Likewise, I say to you, there is joy in the presence of the angels of God over one sinner that repents.
Repentance is a great thing, or the angels of God would not rejoice over it. It is no insignificant matter. If we did not understand it, and all the consequences that flow from it, and did not quite perceive all the reasons why angels rejoice, yet we should naturally conclude that it must be great from this fact. Suppose we entered a strange city end found the bells ringing out a merry peal from every tower, the cannon roaring out their harsh joy from every fort, the streets at night blazing with illuminations, every countenance cheerful, the whole land vocal with joy, and all keeping jubilee together; why, we should say, "This great and intelligent people would not rejoice thus over a trifle; some great thing must have taken place"; if we did not know what it was. Oh! enter heaven when a sinner has repented, and find it all jubilee! Must it not be a great thing that would fill heaven thus with bliss? The repentance of a sinner does it. And then mark, it is not the conversion of a nation like China, with its three hundred millions of inhabitants, nor India with its myriads of idolaters, nor blood-stained Madagascar, nor Tahiti, nor New Zealand: not the conversion of an empire, but the conversion of a single soul. Not merely the soul of some great persecutor, like Saul of Tarsus, whose conversion may at once change the aspect of a country, and release it from intolerance and murder, and introduce it to liberty and joy. Not the conversion of a mighty monarch, who, once a despot, is now become through Christianity the father of his country. Not the conversion of a philosopher, whose great name might be supposed to add celebrity to Christianity. Not the conversion of a great poet, who had prostituted his genius to celebrate vice, and now consecrates it to the glory of God who gave him the intellect. No, but the conversion of "a sinner," apart from all the personal circumstances in which that sinner might be found: any sinner; the inhabitant of a workhouse — the pauper's child — or the pauper himself; for it is repentance, stript of all that is adventitious, all that might otherwise gather around it. It is the dropping of all these, and it is the bowing down of any human heart in the attitude of submission to God, and in the purpose of forsaking sin: it is that, which angels rejoice over.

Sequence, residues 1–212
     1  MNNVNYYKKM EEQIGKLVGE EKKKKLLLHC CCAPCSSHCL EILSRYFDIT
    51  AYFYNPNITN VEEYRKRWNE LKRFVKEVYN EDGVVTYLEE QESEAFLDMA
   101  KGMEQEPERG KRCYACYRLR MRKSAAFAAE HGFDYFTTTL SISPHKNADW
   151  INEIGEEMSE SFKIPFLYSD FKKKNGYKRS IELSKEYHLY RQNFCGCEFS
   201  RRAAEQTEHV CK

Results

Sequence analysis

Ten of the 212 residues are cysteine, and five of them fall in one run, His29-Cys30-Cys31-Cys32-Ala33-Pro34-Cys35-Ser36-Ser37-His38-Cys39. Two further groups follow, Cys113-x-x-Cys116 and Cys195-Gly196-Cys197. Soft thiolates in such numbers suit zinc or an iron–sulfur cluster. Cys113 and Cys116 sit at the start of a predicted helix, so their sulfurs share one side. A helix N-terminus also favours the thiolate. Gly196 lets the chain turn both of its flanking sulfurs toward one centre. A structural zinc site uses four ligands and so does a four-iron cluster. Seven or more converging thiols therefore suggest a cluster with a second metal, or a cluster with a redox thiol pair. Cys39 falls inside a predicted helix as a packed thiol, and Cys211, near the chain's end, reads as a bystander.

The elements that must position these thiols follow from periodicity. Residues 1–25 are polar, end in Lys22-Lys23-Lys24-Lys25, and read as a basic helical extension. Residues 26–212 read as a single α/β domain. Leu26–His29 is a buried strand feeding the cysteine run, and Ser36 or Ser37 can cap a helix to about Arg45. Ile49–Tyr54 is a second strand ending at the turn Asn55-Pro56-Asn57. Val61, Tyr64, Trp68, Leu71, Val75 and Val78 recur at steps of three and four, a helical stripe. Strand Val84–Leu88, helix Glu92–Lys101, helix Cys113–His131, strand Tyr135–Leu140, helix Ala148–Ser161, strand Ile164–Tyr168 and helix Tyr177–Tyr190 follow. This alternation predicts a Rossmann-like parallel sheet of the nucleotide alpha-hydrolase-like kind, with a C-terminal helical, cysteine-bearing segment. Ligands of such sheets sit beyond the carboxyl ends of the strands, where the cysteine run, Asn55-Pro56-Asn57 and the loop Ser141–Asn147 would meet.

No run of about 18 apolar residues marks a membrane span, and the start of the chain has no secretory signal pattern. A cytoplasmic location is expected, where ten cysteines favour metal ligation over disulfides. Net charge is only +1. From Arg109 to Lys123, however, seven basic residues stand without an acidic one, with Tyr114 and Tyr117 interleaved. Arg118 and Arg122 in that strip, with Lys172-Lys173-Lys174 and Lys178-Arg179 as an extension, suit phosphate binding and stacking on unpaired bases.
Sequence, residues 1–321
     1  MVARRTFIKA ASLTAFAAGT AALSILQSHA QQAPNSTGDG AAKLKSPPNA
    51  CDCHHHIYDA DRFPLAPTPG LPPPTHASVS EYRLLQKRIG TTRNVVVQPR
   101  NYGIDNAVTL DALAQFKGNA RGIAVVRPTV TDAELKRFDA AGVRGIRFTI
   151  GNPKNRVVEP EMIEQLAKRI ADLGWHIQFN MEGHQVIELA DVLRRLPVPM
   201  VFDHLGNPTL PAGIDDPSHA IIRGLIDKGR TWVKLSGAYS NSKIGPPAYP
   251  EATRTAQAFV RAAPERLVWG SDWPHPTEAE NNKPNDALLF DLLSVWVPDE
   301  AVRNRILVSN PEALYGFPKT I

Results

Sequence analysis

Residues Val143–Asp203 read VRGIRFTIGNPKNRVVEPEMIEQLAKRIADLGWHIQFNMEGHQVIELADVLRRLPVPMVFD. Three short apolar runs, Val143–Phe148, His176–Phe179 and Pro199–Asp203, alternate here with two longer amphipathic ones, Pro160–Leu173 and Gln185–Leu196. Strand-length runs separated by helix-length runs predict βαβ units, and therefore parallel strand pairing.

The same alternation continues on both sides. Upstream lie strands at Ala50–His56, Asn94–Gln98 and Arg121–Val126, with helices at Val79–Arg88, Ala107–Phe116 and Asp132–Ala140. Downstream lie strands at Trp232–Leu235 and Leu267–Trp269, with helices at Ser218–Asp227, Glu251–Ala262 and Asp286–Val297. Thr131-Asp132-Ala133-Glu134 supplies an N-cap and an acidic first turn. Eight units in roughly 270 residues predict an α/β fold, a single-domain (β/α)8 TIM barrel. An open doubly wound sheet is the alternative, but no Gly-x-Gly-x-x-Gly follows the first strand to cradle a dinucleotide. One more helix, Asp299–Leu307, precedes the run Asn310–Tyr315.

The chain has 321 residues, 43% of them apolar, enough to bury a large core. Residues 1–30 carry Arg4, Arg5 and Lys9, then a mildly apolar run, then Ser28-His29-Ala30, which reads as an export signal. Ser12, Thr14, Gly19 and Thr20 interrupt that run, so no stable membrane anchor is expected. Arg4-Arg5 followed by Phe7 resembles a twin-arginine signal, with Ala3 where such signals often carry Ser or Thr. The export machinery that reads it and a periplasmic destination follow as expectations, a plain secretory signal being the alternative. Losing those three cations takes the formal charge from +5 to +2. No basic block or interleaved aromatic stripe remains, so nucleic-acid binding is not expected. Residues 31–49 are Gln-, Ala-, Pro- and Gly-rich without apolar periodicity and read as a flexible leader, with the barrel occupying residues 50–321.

(J. A. James.)
Parallel VersesKJV: Likewise, I say unto you, there is joy in the presence of the angels of God over one sinner that repenteth.